Also the rubber sheet analogy, which might produce something like this, isn't really like an idealised bomb either (the forces come from tension forces at the edges and stretching the manifold) so I am at a loss to know how you derived these results.

Edit:
I just did some calculations on ChipB's expansion model.

Basically his model comes down to v=kx where v is the velocity at position x offset from the big bang and k is some suitable constant. This equation ensures that all particle distance ratios remain constant as they expand which was indicated in ChipB's particle expansion diagram.

Constant ratio expansion requires $\displaystyle v=\frac{dx}{dt} = kx$

integrating as an ODE...

$\displaystyle \int_{x_0}^x \frac{dx}{kx} = \int_{t_0}^t dt$

yields

$\displaystyle \frac{1}{k}(ln(x-x_0)) = t-t_0$

results in an expansion of $\displaystyle x = e^{k(t-t_0)}+x_0$ therefore the ChipB's linear expansion model is actually an exponential expansion model in practice !! If you differentiate that expression twice you will get a non vanishing acceleration.
__________________
Burn those raisin muffins. Burn 'em all I say.

Last edited by kiwiheretic; Aug 30th 2017 at 11:33 PM.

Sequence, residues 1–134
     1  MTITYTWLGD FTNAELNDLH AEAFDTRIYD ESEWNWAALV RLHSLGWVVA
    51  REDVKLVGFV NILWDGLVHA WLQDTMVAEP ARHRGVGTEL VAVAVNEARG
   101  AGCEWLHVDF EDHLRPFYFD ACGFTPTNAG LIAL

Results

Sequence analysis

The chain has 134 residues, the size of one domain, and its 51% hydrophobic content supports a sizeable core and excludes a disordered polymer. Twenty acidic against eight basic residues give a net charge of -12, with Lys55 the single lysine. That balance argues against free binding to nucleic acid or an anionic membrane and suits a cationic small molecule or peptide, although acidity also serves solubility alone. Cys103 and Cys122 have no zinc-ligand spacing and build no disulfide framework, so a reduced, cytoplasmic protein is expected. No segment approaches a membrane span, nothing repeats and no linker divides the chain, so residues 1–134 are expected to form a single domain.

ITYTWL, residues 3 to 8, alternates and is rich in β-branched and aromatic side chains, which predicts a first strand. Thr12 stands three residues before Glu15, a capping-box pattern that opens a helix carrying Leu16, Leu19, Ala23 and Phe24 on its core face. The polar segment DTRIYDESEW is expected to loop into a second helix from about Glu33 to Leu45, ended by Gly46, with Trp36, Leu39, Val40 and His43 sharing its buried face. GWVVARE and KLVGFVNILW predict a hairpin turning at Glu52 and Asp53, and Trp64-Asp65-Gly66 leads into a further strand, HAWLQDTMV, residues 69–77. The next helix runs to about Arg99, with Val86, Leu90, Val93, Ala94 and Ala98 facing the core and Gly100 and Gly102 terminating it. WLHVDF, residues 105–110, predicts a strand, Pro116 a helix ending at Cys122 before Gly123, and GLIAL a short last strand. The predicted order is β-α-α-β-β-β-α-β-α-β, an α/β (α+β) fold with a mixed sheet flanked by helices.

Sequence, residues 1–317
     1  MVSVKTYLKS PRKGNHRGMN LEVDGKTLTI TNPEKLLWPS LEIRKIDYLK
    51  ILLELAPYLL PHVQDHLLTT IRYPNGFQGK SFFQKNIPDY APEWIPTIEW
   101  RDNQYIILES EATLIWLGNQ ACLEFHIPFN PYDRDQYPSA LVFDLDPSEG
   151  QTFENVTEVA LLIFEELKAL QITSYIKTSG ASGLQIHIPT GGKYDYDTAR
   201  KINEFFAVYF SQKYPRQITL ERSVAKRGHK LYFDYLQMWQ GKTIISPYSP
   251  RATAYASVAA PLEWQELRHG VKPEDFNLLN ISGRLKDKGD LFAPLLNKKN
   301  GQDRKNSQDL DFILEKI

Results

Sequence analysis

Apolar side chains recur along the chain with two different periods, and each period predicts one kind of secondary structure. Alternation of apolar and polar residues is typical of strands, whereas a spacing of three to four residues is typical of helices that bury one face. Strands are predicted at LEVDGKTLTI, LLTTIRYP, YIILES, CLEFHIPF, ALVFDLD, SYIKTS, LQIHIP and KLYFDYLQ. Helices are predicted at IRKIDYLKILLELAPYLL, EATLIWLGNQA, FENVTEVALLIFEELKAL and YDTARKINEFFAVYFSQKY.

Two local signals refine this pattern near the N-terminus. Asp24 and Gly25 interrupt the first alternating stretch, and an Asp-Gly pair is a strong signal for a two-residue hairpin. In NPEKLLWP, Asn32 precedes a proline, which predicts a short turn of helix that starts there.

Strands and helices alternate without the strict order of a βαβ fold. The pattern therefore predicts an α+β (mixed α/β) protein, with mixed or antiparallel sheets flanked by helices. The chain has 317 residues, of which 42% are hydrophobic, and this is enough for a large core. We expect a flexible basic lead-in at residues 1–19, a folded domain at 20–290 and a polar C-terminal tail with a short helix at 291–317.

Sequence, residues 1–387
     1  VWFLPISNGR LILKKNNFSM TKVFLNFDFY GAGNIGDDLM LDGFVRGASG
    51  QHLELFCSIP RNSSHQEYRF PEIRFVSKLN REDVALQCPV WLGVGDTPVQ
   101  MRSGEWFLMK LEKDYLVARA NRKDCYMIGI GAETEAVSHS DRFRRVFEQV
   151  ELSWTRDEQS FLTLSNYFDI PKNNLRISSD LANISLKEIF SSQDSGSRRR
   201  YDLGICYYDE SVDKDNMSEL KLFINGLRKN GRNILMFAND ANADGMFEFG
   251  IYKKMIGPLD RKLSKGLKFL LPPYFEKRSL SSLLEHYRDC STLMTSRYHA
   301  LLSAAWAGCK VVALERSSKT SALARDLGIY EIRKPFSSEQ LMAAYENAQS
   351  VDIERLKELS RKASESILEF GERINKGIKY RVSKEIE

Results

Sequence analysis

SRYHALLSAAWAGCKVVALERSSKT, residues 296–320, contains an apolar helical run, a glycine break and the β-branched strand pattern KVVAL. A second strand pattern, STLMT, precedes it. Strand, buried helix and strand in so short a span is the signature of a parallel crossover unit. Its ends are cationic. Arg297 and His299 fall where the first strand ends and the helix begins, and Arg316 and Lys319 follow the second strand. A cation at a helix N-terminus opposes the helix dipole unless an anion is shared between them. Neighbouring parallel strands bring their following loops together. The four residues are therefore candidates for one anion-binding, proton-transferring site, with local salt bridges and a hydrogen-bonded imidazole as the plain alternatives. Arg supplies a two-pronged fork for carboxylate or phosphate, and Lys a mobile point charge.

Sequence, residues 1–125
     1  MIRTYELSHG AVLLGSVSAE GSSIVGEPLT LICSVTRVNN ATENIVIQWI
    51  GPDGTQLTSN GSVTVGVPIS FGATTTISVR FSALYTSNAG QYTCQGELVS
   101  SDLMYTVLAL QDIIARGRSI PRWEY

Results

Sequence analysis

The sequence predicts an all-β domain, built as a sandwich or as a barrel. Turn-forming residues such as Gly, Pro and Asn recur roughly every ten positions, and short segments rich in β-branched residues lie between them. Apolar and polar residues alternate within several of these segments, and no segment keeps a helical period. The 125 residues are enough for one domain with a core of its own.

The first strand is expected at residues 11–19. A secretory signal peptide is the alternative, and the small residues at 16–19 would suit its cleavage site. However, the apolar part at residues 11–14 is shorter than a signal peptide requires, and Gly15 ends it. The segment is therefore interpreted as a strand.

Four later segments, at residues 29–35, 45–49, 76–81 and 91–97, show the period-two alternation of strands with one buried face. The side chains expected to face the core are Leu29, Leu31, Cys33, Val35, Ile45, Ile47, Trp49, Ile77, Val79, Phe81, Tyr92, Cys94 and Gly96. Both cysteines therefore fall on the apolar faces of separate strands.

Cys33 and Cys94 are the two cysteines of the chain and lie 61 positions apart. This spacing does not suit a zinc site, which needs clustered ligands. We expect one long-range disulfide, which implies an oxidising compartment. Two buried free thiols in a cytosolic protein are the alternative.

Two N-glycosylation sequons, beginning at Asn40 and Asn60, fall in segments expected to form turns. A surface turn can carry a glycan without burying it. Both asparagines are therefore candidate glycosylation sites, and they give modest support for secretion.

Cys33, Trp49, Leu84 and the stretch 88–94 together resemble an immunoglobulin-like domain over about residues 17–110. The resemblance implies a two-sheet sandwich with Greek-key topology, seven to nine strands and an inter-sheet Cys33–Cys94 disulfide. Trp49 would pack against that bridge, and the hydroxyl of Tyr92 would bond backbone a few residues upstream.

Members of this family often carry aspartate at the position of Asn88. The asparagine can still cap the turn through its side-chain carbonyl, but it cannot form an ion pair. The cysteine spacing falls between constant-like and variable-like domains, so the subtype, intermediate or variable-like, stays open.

kiwiheretic is offline   Reply With Quote
Old Aug 30th 2017, 05:49 PM   #20
Junior Member
 
Join Date: Apr 2017
Posts: 12
aside from redshift what evidence is there that space is expanding?
kiwiheretic likes this.
jlr01 is offline   Reply With Quote
Reply

  Physics Help Forum > Physics Forums > Philosophy of Physics

Tags
expanding, space



Thread Tools
Display Modes


Similar Physics Forum Discussions
Thread Thread Starter Forum Replies Last Post
Air energy while expanding gogabidzia Thermodynamics and Fluid Mechanics 0 Jun 15th 2014 02:13 AM
Expanding Effects MBW General Physics 5 Apr 2nd 2014 12:47 PM
An alternative hypothesis to explain 'the expanding universe'... MaartenV Special and General Relativity 4 Nov 26th 2013 11:09 AM
Expanding Bars runninwild888 Thermodynamics and Fluid Mechanics 8 Mar 29th 2011 10:10 AM


Facebook Twitter Google+ RSS Feed